A 22-year-old man is involved in a high-speed, head-on automobile collision. He arrives in the ER in coma, with fixed, dilated puprls. He has multiple obvious fractures in both upper extremities and in the right lower leg. His blood pressure is 70 over 50, with a barely perceptible pulse rate of 140. where is he bleeding?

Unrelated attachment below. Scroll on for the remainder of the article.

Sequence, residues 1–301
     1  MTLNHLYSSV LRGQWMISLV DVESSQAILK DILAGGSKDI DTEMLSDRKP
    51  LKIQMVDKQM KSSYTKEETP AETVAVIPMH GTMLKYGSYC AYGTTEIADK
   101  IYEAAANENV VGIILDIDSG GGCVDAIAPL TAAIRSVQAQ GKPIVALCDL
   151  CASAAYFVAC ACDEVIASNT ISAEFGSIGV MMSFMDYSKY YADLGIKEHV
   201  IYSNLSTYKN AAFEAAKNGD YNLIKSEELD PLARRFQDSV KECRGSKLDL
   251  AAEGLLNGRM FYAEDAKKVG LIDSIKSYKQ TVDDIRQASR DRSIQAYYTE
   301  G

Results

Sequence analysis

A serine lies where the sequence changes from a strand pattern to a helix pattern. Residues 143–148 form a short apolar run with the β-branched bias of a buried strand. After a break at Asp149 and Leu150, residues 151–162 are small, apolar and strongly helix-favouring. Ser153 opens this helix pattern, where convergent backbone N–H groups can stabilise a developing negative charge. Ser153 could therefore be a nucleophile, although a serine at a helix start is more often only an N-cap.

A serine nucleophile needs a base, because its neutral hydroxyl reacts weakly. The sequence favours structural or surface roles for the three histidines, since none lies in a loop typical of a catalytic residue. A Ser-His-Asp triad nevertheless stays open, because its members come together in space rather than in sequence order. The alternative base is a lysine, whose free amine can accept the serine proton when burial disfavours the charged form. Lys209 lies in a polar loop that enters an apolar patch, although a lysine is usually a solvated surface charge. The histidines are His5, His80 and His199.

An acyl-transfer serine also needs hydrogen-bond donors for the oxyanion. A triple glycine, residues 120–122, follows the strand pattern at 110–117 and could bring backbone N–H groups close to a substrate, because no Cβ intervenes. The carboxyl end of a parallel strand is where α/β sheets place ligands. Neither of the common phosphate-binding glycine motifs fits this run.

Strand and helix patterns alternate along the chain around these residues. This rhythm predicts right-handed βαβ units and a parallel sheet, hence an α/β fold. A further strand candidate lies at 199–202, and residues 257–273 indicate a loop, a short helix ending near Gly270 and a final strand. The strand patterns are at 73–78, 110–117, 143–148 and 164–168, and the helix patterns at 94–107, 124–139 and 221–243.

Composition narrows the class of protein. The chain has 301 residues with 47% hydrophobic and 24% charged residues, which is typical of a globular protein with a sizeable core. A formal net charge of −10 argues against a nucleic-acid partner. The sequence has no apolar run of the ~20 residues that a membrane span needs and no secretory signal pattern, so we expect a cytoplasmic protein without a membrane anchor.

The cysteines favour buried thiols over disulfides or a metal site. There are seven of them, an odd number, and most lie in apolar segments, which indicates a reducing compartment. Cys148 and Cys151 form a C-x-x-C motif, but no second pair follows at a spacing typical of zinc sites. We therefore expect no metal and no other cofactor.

(19) Trauma - abC- circulation/ shock NOT bleeding in the head! recognize he is in SHOCK & there isn't enough room in the brain for a intracranial bleed to cause shock, therefore he much be bleeding somewhere else We have pointed out that shock in the trauma setting is caused by bleeding (the most common source), pericardial tamponade, or tension pneumothorax. This case fits right in, but the presence of obvious head injury might lead you into a trap: the question will offer you several kinds of intracranial bleeding (acute epidural hematoma, acute subdural hematoma, intracerebral bleed- ing, subarachnoid hemorrhage, etc.) as the answer. They are not. Intracranial bleeding can indeed kill you, but not by blood loss. There isn't enough room in the head to accommodate the amount of blood needed to go into shock (roughly a liter and a half in the average size adult). Thus, you need to look for another source (we will elaborate in the section on abdominal trauma).